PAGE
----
Ban lands in the bag
Plastic bags have made a quiet comeback in Delhi’s shops. Reason: lax enforcement of the plastic ban during the last two months, reports Avishek G Dastidar.delhi Updated: May 19, 2009 23:38 IST
Plastic bags have made a quiet comeback in Delhi’s shops.
Reason: lax enforcement of the plastic ban during the last two months.
At the height of the election frenzy in the Capital, the city administration was too busy to conduct checks and raids on traders flouting the ban.
Owing to campaigns and some exemplary drives by the Delhi government in February and March, plastic bags had more-or-less vanished from markets.
But now, neighbourhood grocery stores and vegetable vendors, which had stopped giving out plastic bags to customers, have gone back to their old ways.
“All the shops have started giving the bags again. They had stopped for a while fearing raids,” said Col. JJ Bakshi of Defence Colony Residents’ Welfare Association.
Prompted by the Delhi High Court, the Delhi government had banned all kinds of plastic bags from markets and standalone shops in Delhi with a notification on January 7.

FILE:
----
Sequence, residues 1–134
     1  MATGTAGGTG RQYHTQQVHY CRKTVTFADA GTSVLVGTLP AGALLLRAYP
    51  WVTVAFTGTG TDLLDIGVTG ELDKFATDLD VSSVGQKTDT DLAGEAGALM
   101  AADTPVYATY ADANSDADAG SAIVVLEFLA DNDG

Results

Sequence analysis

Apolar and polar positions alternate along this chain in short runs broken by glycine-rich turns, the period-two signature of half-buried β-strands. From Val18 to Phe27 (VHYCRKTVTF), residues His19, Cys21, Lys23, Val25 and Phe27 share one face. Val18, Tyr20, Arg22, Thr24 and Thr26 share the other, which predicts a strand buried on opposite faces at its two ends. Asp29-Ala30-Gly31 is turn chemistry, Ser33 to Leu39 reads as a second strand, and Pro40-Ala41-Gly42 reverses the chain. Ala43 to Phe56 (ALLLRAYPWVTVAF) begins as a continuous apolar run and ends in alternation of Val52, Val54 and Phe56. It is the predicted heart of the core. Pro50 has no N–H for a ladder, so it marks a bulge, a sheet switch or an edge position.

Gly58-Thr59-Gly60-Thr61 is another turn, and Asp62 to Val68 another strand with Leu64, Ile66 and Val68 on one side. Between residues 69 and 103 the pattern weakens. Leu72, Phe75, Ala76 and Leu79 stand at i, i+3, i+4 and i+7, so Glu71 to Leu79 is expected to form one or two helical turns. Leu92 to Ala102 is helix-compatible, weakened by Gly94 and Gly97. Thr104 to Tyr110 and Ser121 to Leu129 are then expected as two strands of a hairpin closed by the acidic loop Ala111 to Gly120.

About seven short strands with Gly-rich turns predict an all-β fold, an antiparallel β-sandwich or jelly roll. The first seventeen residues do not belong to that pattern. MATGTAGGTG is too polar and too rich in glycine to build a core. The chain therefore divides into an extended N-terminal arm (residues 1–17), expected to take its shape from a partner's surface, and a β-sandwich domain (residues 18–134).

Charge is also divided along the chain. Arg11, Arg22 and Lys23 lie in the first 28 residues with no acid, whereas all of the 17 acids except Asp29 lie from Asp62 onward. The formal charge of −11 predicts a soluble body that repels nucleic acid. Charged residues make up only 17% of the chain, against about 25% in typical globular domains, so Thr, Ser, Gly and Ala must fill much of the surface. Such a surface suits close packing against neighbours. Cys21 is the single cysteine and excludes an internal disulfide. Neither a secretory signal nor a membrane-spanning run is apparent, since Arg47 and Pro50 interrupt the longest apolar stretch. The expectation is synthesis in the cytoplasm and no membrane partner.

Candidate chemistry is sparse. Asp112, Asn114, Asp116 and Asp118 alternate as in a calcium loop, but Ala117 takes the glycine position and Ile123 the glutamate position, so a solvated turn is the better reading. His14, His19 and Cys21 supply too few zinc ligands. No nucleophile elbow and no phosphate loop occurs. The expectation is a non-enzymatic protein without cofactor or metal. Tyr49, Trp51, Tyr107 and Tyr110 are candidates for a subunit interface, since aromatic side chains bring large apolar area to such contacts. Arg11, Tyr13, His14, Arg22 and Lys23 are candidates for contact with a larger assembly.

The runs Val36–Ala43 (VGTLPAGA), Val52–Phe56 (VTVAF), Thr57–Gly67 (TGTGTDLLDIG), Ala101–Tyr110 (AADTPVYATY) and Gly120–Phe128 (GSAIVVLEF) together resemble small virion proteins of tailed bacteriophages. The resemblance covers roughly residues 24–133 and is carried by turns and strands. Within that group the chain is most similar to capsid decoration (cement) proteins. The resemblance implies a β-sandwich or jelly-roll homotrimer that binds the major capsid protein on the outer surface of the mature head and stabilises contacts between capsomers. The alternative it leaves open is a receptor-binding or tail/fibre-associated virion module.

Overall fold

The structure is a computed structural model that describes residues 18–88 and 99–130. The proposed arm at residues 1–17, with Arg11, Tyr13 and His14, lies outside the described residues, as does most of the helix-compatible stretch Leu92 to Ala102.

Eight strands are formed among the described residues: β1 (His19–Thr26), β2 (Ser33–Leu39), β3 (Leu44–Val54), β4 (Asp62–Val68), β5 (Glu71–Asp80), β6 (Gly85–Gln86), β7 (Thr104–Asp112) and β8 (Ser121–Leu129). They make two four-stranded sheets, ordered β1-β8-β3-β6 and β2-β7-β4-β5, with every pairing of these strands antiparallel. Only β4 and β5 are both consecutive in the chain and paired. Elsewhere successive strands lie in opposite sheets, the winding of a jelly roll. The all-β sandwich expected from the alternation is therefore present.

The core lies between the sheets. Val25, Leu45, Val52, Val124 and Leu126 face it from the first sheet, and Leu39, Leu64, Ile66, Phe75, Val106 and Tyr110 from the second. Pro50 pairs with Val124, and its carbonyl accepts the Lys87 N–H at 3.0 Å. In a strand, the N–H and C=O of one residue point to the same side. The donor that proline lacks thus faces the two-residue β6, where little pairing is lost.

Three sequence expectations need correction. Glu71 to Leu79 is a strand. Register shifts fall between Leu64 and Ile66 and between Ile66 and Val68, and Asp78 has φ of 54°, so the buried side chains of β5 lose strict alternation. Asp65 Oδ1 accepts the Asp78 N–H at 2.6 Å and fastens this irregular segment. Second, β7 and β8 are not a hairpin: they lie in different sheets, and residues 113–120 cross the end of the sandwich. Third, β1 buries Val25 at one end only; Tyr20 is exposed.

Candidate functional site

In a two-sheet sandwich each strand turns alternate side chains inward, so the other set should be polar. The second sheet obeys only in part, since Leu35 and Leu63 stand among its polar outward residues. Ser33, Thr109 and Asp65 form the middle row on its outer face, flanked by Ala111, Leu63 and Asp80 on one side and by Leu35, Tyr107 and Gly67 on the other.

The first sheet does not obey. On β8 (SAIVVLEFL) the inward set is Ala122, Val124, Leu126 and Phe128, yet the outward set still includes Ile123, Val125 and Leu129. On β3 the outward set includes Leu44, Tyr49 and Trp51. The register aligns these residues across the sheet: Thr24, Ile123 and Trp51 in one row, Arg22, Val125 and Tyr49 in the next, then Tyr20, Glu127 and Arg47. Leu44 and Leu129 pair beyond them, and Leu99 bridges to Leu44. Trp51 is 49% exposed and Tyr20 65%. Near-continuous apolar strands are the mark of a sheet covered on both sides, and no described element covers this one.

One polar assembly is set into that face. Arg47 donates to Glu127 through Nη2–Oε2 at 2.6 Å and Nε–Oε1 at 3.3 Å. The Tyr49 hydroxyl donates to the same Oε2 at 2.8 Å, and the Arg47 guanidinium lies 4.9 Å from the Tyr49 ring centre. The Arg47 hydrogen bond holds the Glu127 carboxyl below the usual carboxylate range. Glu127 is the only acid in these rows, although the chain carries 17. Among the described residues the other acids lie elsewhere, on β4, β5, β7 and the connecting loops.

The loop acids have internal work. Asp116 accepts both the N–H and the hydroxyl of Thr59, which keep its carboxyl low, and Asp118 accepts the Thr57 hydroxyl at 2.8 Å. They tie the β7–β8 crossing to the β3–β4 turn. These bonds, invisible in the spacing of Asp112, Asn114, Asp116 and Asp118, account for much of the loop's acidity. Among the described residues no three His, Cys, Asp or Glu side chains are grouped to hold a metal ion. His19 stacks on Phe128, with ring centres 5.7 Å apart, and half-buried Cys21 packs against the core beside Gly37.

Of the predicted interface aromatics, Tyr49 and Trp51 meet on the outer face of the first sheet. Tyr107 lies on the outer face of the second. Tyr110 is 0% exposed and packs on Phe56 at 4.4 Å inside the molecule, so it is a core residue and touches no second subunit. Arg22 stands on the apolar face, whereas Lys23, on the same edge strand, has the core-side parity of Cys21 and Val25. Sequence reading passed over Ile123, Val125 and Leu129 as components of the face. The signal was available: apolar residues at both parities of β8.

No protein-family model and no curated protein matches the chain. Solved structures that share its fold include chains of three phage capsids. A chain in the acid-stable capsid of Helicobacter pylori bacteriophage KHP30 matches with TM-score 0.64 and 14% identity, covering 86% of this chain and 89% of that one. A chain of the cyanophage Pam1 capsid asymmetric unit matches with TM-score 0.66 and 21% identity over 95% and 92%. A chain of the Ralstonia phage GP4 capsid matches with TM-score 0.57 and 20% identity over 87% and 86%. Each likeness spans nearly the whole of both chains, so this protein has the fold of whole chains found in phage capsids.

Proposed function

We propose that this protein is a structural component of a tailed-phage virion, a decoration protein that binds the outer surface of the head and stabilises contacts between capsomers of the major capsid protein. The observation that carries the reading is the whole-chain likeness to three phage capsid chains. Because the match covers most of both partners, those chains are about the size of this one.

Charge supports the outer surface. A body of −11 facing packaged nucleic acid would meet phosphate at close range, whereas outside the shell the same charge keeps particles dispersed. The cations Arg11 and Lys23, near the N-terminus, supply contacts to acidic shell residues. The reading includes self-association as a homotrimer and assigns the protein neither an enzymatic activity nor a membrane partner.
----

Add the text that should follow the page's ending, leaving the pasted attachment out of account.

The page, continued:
As per the ban, violators could be fined up to Rs 1 lakh and jailed up to five years.
A random check of markets in Defence Colony, Janak Puri, INA market, Gole Market and Bengali Market revealed rampant violation.
While grocery stores were using thicker bags, meat shops and fruit vendors continued to use bags of thinner plastic.
But they all pleaded innocence. Meat sellers, for instance, claimed they had no choice thanks to the nature of their goods.
“How can we pack meat and fish without plastic bags? Customers do not bring their bags,” said Manu Kumar (name changed on request), a meat shop owner in a Central Delhi market.
The civic bodies are the main authorities to carry out raids and enforce the ban. Senior officials of some government departments, including Environment, can also raid shops to check violators. The Delhi Pollution Control Committee oversees enforcement of the ban.
“Now, even the pretence of not wanting to hand out plastic bags is gone,” said Anil Kapur of Greater Kailash-I RWA.
Environment Secretary JK Dadoo said the smaller, neighbourhood shops were a difficult lot to regulate.
“It has been hard getting the neighbourhood vendors of fruits and vegetables to comply, because most of them do not understand the law. And since they do not read the papers, our campaigns have not reached them,” said Dadoo.